The U.S. Food and Drug Administration issued a statement on Tuesday, Nov. 3, about the misuse of rapid antigen tests that can give false positive results, Fox News reported.

The agency received reports of false positives on these devices from nursing homes and other facilities and is monitoring the situation and evaluating the data.

“The FDA reminds clinical laboratory staff and health care providers about the risk of false positive results with all laboratory tests,” the statement said. “Laboratories should expect some false positive results to occur even when very accurate tests are used for screening large populations with a low prevalence of infection.”

Rapid tests quickly detect protein fragments in or on the virus by analyzing samples collected from the nasal cavity.

Antigen testing is an important tool because one of the main advantages of an antigen test is the speed of the test, which can provide results in minutes in a huge number of people.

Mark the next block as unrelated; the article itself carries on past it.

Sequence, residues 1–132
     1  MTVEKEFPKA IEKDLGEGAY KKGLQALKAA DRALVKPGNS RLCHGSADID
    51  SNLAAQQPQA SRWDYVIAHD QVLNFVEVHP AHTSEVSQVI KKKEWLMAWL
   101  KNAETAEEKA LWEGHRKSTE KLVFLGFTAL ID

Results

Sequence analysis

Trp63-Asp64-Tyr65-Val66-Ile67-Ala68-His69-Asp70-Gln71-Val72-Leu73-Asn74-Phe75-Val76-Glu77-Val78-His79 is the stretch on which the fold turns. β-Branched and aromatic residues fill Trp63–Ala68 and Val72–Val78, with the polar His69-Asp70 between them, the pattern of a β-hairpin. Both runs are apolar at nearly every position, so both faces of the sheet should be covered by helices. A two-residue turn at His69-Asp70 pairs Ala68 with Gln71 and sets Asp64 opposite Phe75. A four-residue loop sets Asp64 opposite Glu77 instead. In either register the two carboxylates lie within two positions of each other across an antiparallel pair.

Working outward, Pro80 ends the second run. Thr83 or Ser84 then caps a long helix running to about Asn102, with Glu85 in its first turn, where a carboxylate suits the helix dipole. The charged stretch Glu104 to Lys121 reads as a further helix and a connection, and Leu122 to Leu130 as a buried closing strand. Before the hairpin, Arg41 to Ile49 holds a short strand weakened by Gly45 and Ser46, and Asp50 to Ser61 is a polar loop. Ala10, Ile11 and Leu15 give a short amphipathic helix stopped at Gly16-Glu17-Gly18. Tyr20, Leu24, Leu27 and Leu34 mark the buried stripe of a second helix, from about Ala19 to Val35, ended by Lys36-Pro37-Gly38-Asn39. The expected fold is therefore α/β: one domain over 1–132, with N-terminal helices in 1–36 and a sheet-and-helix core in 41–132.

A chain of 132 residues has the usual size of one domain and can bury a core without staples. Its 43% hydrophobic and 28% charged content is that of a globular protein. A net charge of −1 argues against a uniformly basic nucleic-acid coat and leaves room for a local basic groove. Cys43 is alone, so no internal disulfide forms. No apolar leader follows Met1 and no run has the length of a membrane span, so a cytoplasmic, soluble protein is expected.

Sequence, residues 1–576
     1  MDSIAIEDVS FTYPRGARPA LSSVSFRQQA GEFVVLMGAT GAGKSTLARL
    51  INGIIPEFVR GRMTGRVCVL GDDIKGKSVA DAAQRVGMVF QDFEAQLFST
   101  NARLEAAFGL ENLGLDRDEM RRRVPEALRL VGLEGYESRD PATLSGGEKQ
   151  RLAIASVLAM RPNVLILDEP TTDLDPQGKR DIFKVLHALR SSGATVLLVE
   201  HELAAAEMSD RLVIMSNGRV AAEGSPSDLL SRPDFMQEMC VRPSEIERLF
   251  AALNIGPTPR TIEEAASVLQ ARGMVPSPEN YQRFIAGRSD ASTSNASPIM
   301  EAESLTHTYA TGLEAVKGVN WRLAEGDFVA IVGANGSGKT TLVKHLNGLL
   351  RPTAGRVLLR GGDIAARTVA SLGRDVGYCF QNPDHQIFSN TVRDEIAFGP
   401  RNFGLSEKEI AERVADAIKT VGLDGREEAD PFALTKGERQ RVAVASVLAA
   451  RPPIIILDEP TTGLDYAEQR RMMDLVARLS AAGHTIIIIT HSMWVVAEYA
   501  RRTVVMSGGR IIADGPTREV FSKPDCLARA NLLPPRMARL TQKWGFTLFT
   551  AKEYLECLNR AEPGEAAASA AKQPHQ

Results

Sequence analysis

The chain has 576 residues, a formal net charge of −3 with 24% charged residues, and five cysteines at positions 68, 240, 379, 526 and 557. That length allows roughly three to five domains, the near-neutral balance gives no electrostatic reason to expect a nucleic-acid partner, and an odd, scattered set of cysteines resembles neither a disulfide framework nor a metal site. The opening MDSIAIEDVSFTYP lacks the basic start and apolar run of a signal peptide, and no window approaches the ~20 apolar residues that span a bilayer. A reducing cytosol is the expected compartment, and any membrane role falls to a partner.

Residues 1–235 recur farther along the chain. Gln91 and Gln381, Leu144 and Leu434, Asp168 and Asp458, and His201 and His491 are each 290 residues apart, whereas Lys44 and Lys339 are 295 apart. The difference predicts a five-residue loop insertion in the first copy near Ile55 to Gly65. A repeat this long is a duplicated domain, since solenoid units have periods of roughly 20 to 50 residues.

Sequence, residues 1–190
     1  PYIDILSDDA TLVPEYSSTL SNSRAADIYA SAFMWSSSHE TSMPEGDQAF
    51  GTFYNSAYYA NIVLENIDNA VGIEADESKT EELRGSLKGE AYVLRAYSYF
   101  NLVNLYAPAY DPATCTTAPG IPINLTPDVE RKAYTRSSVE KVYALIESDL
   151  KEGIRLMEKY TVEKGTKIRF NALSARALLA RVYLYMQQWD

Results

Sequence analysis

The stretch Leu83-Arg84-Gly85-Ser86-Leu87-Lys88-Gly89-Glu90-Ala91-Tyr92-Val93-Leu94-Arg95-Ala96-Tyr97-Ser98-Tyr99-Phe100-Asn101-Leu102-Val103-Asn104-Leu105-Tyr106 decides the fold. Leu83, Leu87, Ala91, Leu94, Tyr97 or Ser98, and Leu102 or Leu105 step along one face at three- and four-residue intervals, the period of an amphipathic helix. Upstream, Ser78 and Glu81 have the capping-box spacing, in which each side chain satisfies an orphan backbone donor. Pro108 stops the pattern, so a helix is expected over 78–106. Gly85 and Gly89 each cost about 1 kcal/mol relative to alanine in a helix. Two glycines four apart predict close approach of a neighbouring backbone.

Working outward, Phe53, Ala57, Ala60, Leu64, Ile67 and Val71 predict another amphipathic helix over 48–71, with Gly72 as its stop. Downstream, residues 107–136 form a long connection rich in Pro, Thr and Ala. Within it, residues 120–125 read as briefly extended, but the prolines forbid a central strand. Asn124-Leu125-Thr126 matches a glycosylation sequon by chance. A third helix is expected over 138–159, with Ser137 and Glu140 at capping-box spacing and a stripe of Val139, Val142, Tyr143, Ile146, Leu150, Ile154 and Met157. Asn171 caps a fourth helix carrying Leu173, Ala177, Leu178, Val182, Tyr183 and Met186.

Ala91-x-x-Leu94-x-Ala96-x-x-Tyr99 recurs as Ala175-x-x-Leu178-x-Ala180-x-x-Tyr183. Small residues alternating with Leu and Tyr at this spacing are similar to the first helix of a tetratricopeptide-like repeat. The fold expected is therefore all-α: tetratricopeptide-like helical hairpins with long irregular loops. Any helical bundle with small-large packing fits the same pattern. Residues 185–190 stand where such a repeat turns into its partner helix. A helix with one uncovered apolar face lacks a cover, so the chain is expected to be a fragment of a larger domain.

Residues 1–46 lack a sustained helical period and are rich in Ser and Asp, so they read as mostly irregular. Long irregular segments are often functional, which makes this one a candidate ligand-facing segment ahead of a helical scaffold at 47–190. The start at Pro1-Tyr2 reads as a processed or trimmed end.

However, rapid antigen tests are not as accurate as molecular tests and therefore it is recommended that a molecular test be performed before starting the patient’s treatment.

The FDA statement includes a list of the handling errors that can result in false positives, including cross-contamination between one sample and another, lack of sanitation, not changing gloves between tests, not respecting the times indicated in the instructions, or performing too many tests together.

The agency said it is working with the manufacturers of these tests to make the instructions as clear as possible.

The FDA concluded by explaining how the number of false positives in a sample are measured, “The positive predictive value (PPV) varies with disease prevalence when interpreting results from diagnostic tests. PPV is the percentage of positive test results that are true positive. As disease prevalence decreases, the percentage of test results that are false positives increase.

“For example, a test with a specificity of 98% would have a PPV of just over 80% in a population with a prevalence of 10%, meaning that 20 out of every 100 positive results would be false positives. …

“This means that in a population with 1% prevalence only 30% of individuals who test positive actually have the disease.”